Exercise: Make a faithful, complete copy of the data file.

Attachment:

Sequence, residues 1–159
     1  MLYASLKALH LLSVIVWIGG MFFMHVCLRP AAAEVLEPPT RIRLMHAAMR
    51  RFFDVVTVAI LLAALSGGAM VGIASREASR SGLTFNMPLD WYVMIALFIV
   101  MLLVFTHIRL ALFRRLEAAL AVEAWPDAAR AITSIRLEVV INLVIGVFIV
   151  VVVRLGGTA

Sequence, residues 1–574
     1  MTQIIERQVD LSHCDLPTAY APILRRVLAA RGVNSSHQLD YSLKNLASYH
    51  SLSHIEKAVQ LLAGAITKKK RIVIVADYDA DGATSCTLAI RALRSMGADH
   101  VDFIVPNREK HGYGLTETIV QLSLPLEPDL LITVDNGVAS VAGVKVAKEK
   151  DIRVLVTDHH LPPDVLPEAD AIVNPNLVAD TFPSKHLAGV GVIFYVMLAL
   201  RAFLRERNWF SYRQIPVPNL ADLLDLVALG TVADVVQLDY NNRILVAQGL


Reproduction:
Sequence, residues 1–159
     1  MLYASLKALH LLSVIVWIGG MFFMHVCLRP AAAEVLEPPT RIRLMHAAMR
    51  RFFDVVTVAI LLAALSGGAM VGIASREASR SGLTFNMPLD WYVMIALFIV
   101  MLLVFTHIRL ALFRRLEAAL AVEAWPDAAR AITSIRLEVV INLVIGVFIV
   151  VVVRLGGTA

Sequence, residues 1–574
     1  MTQIIERQVD LSHCDLPTAY APILRRVLAA RGVNSSHQLD YSLKNLASYH
    51  SLSHIEKAVQ LLAGAITKKK RIVIVADYDA DGATSCTLAI RALRSMGADH
   101  VDFIVPNREK HGYGLTETIV QLSLPLEPDL LITVDNGVAS VAGVKVAKEK
   151  DIRVLVTDHH LPPDVLPEAD AIVNPNLVAD TFPSKHLAGV GVIFYVMLAL
   201  RAFLRERNWF SYRQIPVPNL ADLLDLVALG TVADVVQLDY NNRILVAQGL